Room for improvement

And this was re-iterated by one of its feature areas, The Room, where the execution, sadly, didn’t live up to the theoretical concept. White sheets for walls, does not a ‘luxurious and stunning environment’ make. It was a real shame, particularly as the exhibitors in this area of the hall did showcase products fitting of one. However, and I should point out very quickly, there were some original and interesting installations at the event. International designer Rock Galpin had created his vision of ‘Future Bathrooms 2020′ and CP Hart had created the fun ‘Return of the Avocado Bathroom’ The interactive Innovation Award section, which allowed visitors to vote for the most innovative product, also garnered interest from the busy but dull brown carpeted aisles.

Views all round

Which neatly segways into the most important aspect of any trade show – was it worthwhile for exhibitors and visitors? From the packed seminar room, crowds around the CAD and software companies and those we spoke to at the show, it would have to be ‘yes’. But it wasn’t only the quantity of visitors at the show, which has influenced this conclusion, it was that business was actually being done. So what the show lacked in size, it had made up for in stature, with many of the exhibitors rebooking for the London event in 2012. It had not only met but exceeded some of their expectations. So, all in all, and especially for a first show – it was a good outing for kbbtondon. It was worth a visit and with some cosmetic work could be a good development for London. We will be taking a look at the products launched at the show.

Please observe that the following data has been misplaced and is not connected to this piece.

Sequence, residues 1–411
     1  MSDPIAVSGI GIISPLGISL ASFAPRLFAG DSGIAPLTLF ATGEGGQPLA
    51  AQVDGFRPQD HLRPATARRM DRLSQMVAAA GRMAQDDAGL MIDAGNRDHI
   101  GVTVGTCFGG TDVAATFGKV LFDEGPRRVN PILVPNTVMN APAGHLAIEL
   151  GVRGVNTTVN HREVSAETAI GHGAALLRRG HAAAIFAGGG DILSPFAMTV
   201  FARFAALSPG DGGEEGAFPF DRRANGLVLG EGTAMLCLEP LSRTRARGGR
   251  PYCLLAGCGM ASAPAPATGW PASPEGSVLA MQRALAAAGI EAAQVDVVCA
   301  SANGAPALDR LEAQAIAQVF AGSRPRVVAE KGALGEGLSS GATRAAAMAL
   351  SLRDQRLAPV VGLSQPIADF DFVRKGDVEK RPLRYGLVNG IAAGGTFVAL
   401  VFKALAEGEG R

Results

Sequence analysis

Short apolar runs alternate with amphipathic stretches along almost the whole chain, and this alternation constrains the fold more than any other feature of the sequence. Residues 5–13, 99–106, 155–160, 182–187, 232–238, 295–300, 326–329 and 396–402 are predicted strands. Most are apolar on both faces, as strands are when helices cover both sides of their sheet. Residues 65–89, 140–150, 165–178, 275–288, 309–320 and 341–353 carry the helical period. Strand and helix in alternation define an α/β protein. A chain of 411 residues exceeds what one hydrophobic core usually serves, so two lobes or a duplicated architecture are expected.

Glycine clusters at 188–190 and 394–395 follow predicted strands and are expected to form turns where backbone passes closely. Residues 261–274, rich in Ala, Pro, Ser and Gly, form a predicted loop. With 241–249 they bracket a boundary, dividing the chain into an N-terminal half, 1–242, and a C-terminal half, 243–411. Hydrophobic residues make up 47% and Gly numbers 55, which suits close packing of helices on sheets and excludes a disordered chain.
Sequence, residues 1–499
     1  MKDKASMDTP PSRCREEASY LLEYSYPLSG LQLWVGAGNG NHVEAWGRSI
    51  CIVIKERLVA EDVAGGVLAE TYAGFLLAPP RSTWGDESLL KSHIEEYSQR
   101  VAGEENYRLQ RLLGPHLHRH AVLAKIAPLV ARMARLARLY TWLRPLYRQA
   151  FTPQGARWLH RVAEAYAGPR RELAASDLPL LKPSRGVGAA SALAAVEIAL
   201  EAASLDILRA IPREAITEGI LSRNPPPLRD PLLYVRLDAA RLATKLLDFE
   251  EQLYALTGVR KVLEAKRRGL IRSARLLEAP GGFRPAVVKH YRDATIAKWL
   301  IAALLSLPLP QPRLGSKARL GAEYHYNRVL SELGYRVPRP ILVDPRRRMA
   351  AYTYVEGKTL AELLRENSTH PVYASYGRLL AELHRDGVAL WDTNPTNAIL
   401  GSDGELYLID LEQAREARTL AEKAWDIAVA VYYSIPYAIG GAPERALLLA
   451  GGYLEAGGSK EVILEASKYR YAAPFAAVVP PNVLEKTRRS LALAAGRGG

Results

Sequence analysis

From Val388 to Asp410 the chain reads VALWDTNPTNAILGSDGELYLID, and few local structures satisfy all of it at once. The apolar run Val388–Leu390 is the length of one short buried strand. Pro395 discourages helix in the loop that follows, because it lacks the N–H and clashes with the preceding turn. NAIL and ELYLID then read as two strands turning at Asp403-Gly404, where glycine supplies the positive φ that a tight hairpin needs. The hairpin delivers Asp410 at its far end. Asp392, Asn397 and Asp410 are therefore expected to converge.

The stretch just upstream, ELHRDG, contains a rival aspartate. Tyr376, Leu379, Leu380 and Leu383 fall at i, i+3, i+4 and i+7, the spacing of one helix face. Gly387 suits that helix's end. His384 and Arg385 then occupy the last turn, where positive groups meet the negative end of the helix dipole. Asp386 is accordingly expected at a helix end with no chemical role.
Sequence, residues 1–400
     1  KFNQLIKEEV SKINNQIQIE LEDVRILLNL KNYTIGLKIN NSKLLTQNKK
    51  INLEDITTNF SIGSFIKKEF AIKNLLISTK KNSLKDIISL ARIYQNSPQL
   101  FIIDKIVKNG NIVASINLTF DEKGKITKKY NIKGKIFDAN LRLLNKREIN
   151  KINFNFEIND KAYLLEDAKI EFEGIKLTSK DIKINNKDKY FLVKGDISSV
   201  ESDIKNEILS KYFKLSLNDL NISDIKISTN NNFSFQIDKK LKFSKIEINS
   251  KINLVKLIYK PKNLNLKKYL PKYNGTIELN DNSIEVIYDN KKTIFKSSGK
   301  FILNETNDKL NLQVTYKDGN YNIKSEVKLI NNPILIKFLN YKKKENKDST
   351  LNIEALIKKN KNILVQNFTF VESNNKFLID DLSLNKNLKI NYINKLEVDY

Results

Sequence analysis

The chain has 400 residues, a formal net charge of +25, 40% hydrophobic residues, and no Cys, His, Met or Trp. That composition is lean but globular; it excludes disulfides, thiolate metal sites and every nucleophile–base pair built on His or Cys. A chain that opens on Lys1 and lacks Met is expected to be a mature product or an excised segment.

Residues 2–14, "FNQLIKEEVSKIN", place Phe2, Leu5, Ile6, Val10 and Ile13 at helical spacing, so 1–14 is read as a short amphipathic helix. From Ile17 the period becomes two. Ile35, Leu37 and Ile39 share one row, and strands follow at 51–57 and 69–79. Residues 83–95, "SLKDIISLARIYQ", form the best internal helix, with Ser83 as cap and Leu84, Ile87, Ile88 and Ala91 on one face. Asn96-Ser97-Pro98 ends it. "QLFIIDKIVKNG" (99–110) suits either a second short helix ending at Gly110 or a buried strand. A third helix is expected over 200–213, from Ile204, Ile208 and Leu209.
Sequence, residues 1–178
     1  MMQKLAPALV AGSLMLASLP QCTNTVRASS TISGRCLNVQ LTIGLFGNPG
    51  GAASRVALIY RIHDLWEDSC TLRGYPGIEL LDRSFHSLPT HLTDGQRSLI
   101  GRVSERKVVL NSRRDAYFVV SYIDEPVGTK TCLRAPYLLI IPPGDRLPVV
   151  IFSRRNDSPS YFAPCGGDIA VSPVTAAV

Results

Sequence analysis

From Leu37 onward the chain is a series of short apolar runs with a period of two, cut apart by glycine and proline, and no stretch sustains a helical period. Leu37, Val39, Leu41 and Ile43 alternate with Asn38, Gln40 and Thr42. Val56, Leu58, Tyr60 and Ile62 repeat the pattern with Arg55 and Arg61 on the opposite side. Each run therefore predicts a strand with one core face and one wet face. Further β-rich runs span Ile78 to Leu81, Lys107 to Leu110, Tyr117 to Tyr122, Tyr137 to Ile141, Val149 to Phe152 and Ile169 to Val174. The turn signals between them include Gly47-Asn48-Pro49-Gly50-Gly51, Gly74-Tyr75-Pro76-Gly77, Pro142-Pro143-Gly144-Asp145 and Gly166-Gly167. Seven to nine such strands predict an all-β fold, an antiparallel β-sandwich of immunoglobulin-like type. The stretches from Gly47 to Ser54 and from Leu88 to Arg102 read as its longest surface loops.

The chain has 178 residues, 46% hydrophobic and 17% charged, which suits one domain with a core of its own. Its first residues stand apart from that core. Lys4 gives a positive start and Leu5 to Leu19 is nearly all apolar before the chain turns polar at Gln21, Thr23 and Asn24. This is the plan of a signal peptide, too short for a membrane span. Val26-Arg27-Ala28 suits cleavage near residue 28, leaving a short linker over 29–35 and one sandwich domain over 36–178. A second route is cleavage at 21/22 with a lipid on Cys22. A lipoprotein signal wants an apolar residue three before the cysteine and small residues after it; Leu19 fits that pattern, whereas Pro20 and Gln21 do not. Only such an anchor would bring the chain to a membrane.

The design brief or what Bisazza?

What was your design brief or what did Bisazza ask you to achieve with the collection?

We were in agreement from the start of the collaboration as we wanted to create an innovative, modular system that would allow, first of all, a very special and glamorous design and secondly, some variations and options that would be adequate for various situations.

What was your starting point?